New Year is a great time to reflect on the year just past and see how different things are from the year before.
A lot can change in a year. I know myself this year I am living in a different state, at a different job, and celebrating the turning of the year with a completely different set of friends than last year.
But there is one constant that doesn’t change year after year – the failure of New Year’s resolutions.
It is inevitable.
Every year people sign up to the same thing: losing weight, saving more money, giving up a vice, or the exceptionally clichéd and corny, “I want to be a better person”.
There can also be more specific or obscure ones, such ceasing to lose keys, streamlining computer passwords, or learning to text on a smart phone using both thumbs.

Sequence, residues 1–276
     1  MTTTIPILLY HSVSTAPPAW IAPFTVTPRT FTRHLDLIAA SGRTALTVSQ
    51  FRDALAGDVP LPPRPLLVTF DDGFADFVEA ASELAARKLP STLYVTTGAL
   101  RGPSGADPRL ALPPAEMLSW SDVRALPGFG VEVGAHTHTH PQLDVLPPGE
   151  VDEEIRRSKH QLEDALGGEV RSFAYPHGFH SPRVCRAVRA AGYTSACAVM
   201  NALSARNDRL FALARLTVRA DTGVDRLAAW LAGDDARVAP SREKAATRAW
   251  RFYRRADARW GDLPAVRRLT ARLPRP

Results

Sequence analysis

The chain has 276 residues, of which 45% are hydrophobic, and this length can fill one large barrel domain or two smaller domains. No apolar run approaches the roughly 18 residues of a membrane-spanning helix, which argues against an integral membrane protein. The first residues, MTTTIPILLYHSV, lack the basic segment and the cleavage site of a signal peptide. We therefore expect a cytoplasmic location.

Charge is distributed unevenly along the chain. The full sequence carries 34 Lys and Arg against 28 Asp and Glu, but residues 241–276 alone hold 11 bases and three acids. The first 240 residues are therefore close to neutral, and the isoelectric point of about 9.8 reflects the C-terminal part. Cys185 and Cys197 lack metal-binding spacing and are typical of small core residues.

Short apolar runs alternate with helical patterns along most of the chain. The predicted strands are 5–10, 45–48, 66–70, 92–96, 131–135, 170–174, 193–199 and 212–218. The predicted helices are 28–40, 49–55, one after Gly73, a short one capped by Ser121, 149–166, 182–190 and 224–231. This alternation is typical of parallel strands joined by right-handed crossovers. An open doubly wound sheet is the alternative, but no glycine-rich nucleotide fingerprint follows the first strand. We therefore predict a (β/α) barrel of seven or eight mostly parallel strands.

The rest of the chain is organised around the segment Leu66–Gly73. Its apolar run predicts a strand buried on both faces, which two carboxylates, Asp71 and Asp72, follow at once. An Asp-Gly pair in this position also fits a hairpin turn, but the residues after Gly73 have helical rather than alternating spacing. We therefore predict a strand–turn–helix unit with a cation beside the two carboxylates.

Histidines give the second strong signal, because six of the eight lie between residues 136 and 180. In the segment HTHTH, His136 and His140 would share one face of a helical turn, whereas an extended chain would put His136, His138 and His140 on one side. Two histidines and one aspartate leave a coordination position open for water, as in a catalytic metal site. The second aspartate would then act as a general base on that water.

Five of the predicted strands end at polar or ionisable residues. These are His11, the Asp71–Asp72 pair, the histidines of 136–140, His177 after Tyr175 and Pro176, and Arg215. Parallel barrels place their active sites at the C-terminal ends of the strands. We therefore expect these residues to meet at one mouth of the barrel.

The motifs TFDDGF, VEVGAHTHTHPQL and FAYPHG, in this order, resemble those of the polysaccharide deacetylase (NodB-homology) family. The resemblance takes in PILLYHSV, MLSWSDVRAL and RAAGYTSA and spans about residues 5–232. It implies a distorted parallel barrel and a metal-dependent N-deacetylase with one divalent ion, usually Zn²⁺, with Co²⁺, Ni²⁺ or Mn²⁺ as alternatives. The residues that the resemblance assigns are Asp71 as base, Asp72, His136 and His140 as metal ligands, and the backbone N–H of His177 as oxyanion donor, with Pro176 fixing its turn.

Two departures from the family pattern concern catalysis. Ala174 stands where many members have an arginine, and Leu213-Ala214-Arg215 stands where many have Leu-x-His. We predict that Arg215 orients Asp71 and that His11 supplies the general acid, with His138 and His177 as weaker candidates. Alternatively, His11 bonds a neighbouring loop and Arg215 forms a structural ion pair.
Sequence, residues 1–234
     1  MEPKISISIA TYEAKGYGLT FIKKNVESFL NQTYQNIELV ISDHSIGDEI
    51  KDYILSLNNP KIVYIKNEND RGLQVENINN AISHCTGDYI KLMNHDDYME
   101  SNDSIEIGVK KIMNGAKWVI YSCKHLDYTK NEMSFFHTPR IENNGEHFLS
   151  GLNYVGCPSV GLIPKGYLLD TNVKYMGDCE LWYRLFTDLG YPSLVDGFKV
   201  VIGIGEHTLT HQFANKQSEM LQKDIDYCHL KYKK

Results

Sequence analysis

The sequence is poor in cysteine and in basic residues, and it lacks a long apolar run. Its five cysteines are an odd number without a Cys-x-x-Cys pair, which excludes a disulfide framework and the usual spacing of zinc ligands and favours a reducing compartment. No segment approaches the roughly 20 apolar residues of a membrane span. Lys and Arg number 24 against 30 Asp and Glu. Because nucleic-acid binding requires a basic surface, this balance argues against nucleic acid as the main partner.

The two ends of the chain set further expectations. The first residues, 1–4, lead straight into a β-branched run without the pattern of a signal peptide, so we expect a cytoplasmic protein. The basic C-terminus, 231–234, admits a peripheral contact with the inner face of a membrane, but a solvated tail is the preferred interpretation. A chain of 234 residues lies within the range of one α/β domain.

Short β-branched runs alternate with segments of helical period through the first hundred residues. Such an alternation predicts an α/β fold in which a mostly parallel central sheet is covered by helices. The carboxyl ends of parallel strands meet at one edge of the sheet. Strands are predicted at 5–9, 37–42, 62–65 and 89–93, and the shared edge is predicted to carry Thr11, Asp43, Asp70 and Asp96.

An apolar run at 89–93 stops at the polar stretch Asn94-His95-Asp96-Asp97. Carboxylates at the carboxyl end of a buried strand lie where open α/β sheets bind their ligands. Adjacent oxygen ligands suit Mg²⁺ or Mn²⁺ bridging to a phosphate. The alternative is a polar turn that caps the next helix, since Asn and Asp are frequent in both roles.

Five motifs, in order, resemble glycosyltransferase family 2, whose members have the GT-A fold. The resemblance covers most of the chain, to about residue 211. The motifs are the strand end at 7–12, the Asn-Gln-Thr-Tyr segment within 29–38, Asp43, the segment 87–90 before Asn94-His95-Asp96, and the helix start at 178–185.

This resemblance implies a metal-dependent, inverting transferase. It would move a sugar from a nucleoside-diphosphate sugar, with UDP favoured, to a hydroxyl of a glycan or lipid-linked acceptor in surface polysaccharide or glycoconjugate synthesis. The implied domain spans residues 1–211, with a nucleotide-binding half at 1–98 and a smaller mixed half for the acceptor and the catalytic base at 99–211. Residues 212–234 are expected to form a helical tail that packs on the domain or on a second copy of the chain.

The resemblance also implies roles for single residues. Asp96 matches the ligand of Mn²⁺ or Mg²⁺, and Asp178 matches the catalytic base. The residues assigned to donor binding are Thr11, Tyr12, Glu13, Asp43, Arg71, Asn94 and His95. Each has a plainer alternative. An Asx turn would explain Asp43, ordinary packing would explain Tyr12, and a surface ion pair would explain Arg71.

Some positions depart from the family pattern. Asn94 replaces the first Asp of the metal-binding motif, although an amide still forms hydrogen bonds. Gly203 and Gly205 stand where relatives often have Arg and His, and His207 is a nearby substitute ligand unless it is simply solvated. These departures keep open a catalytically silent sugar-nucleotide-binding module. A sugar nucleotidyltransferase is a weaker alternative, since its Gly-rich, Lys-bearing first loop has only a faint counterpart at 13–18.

Some psychologists think that resolutions can work because people have verbalised their goals, making them more likely to be achieved.
It also makes people more accountable to stick to their resolutions if they’ve told everyone.
A lot of people start out the year with big goals, certain that this year things will change and the resolutions will stick.
Six weeks later, most people are back smoking more than ever while the newly purchased gym membership has not been used in a couple of weeks.
The reality is that just because it’s a new year doesn’t mean people’s behaviour is going to permanently change.
To avoid disappointment in myself, this year I will make it my resolution not to make a resolution.